Monday, June 27, 2022

History Of Uganda

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Until 1,700 to 2,300 years ago, Ugandans were hunter-gatherers. Bantu-speaking people came to the country’s southern regions, most likely from central and western Africa. The Empire of Kitara, which existed in the fourteenth and fifteenth centuries, was the first organized organization, followed by the kingdom of Bunyoro-Kitara, then Buganda and Ankole in subsequent years.

In the 1830s, Arab merchants migrated interior from East Africa’s Indian Ocean coast. British explorers looking for the Nile’s source followed them in the 1860s. In 1877, Protestant missionaries arrived, followed by Catholic missionaries in 1879. In 1888, the United Kingdom established the British East Africa Company and governed the region as a protectorate until 1894. In 1914, the final protectorate known as Uganda arose through the amalgamation of numerous previous provinces and chiefdoms. A sleeping sickness pandemic killed over 250,000 individuals between 1900 and 1920.

Uganda gained independence from the United Kingdom in 1962, and the country’s first elections took place on March 1, 1961. The Democratic Party’s Benedicto Kiwanuka was elected as the first Chief Minister. The next year, Uganda became a republic while remaining a member of the Commonwealth. Supporters of a centralized state fought against those who favored a flexible federation and a significant role for tribally-based local kingdoms in subsequent years. The political maneuvering reached a peak in February 1966, when Prime Minister Milton Obote violated the constitution and seized complete control of the government, ousting the president and vice president from office. Uganda became a republic in September 1967, with a new constitution that granted the president considerably more powers and eliminated the ancient kingdoms.

Obote’s administration was deposed on January 25, 1971, by a military coup headed by Idi Amin Dada, the leader of the armed forces. Amin proclaimed himself “president,” disbanded parliament, and rewrote the constitution to give himself complete authority. Idi Amin’s eight-year reign resulted in economic collapse, societal breakdown, and widespread abuses of human rights. Because they had backed Obote and formed up a significant portion of the army, the Acholi and Langi ethnic groups were targeted by Amin’s political persecution. During Idi Amin’s reign of terror, the International Commission of Jurists estimated that more than 100,000 Ugandans were killed; other authorities put the number as high as 300,000.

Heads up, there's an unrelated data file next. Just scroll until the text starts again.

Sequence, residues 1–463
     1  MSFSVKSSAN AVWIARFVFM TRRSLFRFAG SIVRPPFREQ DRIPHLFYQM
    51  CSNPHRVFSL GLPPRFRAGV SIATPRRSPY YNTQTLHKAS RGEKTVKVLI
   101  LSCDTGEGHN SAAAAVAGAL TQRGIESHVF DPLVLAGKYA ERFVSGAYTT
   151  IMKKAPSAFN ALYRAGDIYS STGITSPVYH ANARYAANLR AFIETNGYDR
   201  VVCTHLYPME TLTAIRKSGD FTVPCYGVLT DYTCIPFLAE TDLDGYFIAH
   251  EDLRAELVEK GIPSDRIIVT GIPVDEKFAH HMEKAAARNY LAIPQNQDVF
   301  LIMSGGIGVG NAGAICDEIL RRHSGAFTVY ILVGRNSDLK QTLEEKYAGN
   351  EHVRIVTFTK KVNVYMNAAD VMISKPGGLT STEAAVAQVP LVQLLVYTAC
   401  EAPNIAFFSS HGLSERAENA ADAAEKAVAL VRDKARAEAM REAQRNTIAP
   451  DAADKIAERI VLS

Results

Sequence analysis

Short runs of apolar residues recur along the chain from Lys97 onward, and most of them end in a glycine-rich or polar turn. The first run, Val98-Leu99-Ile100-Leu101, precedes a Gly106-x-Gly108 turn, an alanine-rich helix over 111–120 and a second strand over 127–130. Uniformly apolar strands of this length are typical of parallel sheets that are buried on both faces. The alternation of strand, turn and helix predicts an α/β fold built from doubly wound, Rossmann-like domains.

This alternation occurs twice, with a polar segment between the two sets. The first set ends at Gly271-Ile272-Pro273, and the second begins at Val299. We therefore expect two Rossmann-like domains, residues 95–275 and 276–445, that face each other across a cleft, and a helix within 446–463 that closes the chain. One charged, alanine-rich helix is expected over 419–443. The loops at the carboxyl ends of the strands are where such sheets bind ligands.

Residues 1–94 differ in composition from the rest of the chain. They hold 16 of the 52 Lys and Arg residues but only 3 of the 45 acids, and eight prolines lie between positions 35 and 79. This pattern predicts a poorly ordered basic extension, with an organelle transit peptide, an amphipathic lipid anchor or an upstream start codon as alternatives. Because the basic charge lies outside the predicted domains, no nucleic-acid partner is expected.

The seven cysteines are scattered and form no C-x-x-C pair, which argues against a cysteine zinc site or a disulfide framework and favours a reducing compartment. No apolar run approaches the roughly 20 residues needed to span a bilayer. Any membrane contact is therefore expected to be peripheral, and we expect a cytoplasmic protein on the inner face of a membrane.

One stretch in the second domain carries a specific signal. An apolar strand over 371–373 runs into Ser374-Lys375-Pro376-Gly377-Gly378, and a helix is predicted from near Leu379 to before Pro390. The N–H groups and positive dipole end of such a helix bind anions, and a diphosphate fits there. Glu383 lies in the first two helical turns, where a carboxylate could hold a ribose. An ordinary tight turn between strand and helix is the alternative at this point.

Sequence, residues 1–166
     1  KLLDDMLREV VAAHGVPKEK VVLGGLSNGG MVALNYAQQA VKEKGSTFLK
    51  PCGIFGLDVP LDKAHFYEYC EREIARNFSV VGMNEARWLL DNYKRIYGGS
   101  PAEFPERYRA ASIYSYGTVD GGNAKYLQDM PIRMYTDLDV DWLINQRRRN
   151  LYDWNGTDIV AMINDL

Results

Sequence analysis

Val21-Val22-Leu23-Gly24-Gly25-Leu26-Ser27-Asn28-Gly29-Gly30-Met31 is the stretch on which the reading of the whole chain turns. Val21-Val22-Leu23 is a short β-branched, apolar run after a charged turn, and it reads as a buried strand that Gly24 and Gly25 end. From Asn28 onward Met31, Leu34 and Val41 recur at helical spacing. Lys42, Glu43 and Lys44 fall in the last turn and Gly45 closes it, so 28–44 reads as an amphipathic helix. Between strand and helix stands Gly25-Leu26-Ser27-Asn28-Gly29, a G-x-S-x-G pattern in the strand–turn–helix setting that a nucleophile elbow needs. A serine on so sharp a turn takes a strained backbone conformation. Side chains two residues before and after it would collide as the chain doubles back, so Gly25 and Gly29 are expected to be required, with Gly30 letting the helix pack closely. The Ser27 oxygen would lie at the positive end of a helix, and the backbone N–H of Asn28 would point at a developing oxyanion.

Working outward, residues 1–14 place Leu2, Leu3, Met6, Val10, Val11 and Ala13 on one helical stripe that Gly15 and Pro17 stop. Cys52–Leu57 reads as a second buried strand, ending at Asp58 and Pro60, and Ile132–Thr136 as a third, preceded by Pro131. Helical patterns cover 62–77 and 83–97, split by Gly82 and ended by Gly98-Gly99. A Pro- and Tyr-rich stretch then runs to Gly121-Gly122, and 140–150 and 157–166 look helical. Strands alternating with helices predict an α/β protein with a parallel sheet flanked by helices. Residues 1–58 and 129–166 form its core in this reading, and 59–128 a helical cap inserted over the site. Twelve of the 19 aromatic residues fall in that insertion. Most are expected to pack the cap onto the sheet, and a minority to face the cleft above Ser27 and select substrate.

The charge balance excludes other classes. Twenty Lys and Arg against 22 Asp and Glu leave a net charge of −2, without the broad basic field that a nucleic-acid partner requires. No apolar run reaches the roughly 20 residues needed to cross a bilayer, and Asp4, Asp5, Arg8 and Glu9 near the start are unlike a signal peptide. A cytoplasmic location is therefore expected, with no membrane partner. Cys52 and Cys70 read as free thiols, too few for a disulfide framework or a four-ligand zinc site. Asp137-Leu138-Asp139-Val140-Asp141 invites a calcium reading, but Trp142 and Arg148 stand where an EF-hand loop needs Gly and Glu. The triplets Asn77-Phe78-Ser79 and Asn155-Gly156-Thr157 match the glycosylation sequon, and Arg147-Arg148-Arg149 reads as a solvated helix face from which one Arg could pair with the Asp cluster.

Tanzanian military forces repelled an invasion by Amin’s soldiers into Tanzanian territory in October 1978. The Tanzanian army, supported by Ugandan exiles, fought Amin’s forces and the Libyan soldiers who had been sent to assist him. Kampala was seized on April 11, 1979, and Amin and his surviving troops withdrew. This resulted in the restoration of Obote, who was ousted by General Tito Okello in 1985. Okello reigned for six months until being ousted after a “bush war” between the National Resistance Army (NRA) headed by the current president, Yoweri Museveni, and other rebel factions, including Andrew Kayiira’s Federal Democratic Movement and another led by John Nkwanga.

Museveni has been the president of Uganda since 1986. He was hailed by the West as part of a new generation of African leaders in the mid to late 1990s.

Uganda has recently made headlines due to a contentious legislation that makes homosexual sex punishable by life in prison and makes failing to notify an offender a criminal offense.

How To Travel To Uganda

By plane Ugandan air transport is centered at Entebbe Airport. Many flights to African cities depart from here. South African Airways offers direct flights to and from Johannesburg on a daily basis.Turkish Airlines has daily flights from Istanbul to Entebbe, with connections to Europe and Asia.Emirates operates daily Boeing 777-200LR flights from Entebbe to...

How To Travel Around Uganda